homemade ginger beer

I have a serious addition for ginger beer.  Especially Reed’s Extra Strong Ginger Beer.  It’s the most amazing, tongue-tingling, sweet, juicy heat.  And when warmed, ginger has an extraordinary aroma.  It is native to India and China, but takes it’s name from the Sanskrit word ‘stringa-vera,’ which means “with a body like a horn” – not to be confused with horny body 😉  It’s also ridiculously good for you- here’s the top 5 health benefits attributed to ginger:

  1. calms upset stomachs
  2. good for sore throats and coughs
  3. treats nausea, particularly sea/motion/morning sickness
  4. acts as an antihistamine and aids in treating allergies
  5. helps to lower cholesterol levels

So, with no further wasted time, here’s a recipe for making homemade ginger beer.


  • 1 1/2 tbsp fresh ginger root, peeled and grated
  • 8 oz (about 1 cup) granulated white sugar
  • 1/2 tsp cream of tartar
  • 8 cups cold water
  • 1 lemon, cut in half
  • 1/2 tsp fast-acting baker’s yeast
  1. Put the grated ginger, sugar, cream of tarter and 2 cups of the cold water in a large saucepan.  Bring to a boil.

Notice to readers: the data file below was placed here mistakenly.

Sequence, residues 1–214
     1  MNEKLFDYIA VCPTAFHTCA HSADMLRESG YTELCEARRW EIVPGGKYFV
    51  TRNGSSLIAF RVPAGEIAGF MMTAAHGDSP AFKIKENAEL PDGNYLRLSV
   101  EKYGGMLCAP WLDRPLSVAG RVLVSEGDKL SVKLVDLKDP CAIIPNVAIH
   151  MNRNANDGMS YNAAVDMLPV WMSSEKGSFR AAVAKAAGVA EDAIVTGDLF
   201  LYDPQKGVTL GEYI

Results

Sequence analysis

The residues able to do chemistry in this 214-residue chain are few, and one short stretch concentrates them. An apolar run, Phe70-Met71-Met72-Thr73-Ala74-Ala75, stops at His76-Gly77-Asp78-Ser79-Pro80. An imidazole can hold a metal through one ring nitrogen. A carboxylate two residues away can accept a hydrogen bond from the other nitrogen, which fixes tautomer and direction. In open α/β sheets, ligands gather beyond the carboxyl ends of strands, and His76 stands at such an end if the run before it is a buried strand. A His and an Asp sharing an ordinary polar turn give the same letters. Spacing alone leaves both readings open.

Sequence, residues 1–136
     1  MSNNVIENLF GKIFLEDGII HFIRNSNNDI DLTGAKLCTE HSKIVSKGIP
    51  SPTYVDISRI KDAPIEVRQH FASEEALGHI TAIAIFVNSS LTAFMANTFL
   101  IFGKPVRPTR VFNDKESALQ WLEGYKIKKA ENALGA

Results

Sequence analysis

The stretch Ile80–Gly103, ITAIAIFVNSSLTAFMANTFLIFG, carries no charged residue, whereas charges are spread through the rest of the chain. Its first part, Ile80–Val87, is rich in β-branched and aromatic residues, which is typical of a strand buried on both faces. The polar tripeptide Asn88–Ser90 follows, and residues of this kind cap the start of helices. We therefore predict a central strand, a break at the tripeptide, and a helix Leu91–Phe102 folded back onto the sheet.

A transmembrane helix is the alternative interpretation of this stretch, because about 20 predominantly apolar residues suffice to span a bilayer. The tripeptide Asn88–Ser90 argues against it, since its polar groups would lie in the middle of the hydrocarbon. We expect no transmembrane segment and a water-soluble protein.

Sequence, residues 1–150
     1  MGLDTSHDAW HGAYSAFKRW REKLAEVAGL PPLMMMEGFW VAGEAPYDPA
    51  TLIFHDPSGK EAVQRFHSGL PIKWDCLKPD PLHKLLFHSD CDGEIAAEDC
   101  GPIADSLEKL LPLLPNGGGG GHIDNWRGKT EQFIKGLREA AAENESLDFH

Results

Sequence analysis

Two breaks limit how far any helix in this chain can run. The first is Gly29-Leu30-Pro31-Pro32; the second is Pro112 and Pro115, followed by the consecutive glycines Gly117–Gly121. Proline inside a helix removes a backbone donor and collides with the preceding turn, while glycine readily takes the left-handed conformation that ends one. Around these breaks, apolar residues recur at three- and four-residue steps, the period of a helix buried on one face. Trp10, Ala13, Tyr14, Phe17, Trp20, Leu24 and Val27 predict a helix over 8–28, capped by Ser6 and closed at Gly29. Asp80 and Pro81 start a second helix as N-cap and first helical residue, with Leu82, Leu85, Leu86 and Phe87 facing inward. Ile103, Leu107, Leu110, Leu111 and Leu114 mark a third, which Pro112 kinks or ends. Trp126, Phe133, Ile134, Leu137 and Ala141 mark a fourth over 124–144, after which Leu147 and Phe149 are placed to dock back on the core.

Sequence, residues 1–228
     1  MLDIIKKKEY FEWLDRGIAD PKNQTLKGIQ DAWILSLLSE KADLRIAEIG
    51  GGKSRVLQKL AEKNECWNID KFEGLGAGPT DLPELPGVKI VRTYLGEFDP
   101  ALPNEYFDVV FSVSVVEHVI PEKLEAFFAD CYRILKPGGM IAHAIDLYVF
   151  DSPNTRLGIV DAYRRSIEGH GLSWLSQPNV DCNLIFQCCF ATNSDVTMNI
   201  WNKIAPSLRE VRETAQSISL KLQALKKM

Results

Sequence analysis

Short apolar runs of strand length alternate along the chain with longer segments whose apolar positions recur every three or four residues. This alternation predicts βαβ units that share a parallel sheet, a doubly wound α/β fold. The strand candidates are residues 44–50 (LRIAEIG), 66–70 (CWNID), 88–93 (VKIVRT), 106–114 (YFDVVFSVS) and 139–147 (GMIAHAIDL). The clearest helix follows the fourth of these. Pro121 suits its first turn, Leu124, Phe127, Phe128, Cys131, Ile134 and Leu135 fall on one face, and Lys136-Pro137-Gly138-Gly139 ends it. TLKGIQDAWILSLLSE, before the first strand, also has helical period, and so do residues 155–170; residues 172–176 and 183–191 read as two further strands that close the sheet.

2. Squeeze the juice from both lemon halves into the pan, and add one lemon half.  Discard the second half (both halves make it too strong).
  3. Simmer for 5-10 minutes, stirring to dissolve the sugar.
  4. Add the remaining water and let the liquid cool to room temperature.
  5. Sprinkle in the yeast, stir it in, the leave the mixture for several hours covered well with a clean dishcloth.
  6. Strain the liquid through a fine-mesh sieve or strainer, pressing down on the ginger pieces in order to extract every last bit of flavor.
  7. Using a funnel, pour into two 1-quart sterilized, plastic soft-drink bottles, leaving a little room at the top for the carbon dioxide to take up room.  Make sure the last, yeasty-thick drops of the liquid are divided between the 2 bottles evenly.
  8. Seal and store in a cool, dark place for 2-3 days, loosening and resealing the tops from time to time to release the pressure of the gas. It should be ready after 3 days.
  9. Open with extreme caution!  The beer will be under pressure from the fermentation process, especially in hot weather.  Never point a bottle at someone’s face (including your own).

-adapted from Suzy Atkins book “how to make your own drinks”



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